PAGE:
What is the Eastern Partnership?
The Eastern Partnership (EaP) is a joint initiative involving the EU, its Member States and 6 eastern European partners: Armenia, Azerbaijan, Belarus, Georgia, the Republic of Moldova and Ukraine.
It is based on a commitment to the principles of international law and fundamental values - democracy, the rule of law, human rights and fundamental freedoms. It also encompasses support for a market economy, sustainable development and good governance.
The EU and partner countries leaders meet every other year in Eastern Partnership Summits. The latest Eastern partnership Summit Declaration , agreed in May 2015 in Riga, reviewed the cooperation and provided the direction for further joint action.
Differentiation and inclusivity
The EU is committed to building strong and mutually beneficial relations with all six partners, irrespective of their individual level of ambition in their relations with the EU.
The Association Agreements/Deep and Comprehensive Free Trade Areas (AA/DCFTAs ), concluded in 2014, have brought the relations between the EU and Georgia, the Republic of Moldova and Ukraine to a new level. These agreements aim at strengthened political association and economic integration. They constitute a plan of reforms that will bring the partner countries closer to the EU by aligning their legislation and standards to those of the EU, and improve peoples' lives in a tangible way.
A more tailored approach to relations with Armenia, Azerbaijan and Belarus will help ensure the inclusive nature of the Eastern Partnership. A new agreement is being negotiated with Armenia, whose political and economic cooperation with the EU will take account of Armenia's other international commitments. The EU is also considering entering a closer relationship with Azerbaijan, to better reflect our respective interests and values. With Belarus, the EU is deepening its critical engagement in carefully calibrated mutual steps.
Many of the challenges partner countries face are shared ones. Addressing them collectively contributes to the stability and prosperity of the region, promotes cooperation and the exchange of best practice between these countries. Multilateral cooperation enables partner countries to work together on issues across the borders such as:
This work is based on four thematic platforms, supported by various expert panels and a number of flagship initiatives .
There are four Eastern Partnership main priority areas:
Strengthening of institutions and good governance
The aim is to help partners develop greater resilience in facing the challenges to their stability. Particular priorities are:
Mobility and people-to-people contacts
The enhanced mobility of citizens within a secure and well-managed environment
The Association Agreements/Deep and Comprehensive Free Trade Areas (AA/DCFTAs) provide for a number of actions and instruments meant to boost the trade between EU and the partner countries concerned. For Georgia and Moldova trade with the EU registered increasing trends following the provisional application of the free trade areas. In Ukraine the provisional application of the free trade area started from January 2016.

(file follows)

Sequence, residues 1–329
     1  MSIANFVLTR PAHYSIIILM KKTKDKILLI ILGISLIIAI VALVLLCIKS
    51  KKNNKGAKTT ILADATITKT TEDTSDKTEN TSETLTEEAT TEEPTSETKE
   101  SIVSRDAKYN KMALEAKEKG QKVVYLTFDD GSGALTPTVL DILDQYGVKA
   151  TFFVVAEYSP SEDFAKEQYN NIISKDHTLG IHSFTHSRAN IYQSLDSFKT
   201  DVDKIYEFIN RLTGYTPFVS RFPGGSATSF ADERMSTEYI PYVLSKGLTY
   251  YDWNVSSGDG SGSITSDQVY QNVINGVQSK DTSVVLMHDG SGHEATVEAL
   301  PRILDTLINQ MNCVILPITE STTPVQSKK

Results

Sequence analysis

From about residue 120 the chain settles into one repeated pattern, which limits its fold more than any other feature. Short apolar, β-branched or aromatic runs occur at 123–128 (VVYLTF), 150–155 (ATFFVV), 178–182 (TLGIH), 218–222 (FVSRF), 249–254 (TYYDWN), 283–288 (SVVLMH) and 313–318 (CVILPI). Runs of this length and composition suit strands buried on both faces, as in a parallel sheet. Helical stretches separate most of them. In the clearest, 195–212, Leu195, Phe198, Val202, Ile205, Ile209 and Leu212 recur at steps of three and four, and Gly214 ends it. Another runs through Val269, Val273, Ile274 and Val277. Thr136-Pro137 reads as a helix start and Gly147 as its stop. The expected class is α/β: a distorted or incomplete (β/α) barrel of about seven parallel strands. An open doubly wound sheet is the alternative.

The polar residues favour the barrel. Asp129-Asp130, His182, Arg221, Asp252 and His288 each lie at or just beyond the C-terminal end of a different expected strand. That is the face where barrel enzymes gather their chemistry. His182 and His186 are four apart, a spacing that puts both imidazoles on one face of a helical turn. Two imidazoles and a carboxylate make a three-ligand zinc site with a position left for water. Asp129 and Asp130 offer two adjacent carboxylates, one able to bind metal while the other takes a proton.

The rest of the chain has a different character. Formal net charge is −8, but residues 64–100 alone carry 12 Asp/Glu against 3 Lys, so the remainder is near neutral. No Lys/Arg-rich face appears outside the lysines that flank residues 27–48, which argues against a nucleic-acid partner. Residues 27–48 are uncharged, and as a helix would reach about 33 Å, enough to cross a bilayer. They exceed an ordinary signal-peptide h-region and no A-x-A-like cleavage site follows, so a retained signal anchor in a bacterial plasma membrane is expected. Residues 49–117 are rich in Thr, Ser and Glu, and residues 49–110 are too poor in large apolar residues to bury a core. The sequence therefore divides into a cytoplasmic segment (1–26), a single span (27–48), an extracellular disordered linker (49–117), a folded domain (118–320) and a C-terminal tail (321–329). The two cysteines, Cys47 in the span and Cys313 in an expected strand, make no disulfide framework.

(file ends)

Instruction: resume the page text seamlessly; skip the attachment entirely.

Georgia, Moldova and Ukraine benefit from the EU's DCFTA Facility, focussed on support to small and medium businesses in adapting to the new requirements and increase their exchanges with the EU.
The EU aims at promoting sustainable and inclusive economic development in the partner countries by improving the business environment and legal certainty. This benefits both local and European SMEs and businesses, raises their competitiveness, and attracts investment. The EU has also opened its programme for the Competitiveness of Enterprises and Small and Medium-sized Enterprises (COSME) to participation by partner countries. Moldova is already a full participant, with Ukraine and Armenia following soon.
The EU also aims at promoting the economic opportunities deriving from the green economy and the cooperation towards preserving the environment through a sustainable use of the resources and for preventing climate change.
A new area of cooperation was started in November 2015 aimed at harmonising the Digital Markets between partner countries and the EU.
Improving energy security, including energy infrastructure and enhancing the energy efficiency is central to EU cooperation. Examples are:
The Eastern Partnership transport network means to facilitate and improve connections by road, train, sea or plane between the EU and the partner countries, increasing the sustainability and the safety of all transport modes.
Partner countries have so far benefited from €3.2bn of EU funded programmes.
2014-2020 - the European Neighbourhood Instrument (ENI), the main source of funding for the European Neighbourhood Policy (including the Eastern Partnership), replaces the European Neighbourhood and Partnership Instrument (ENPI).
2014 saw a major budgetary contribution to help stabilise Ukraine’s economy . The EU planned new investments in Georgia and Moldova to help small businesses. It worked to make loan-financing more accessible to private investors, including small ones.
In 2015, an amount of €146.7 million were dedicated only to regional programmes, such as:
- Council of Europe Partnership and Cooperation Framework on Rule of Law
- Integrated Border Management Flagship and EUBAM
- Civil Society Facility and Support to European Endowment for Democracy
A new Flagship Initiative on Sustainable Municipal Development was launched, while important financial support was approved for continuing the Environment and the Energy governance Flagship Initiatives.
Involvement of broader society
Besides governments, the Eastern Partnership involves broader society.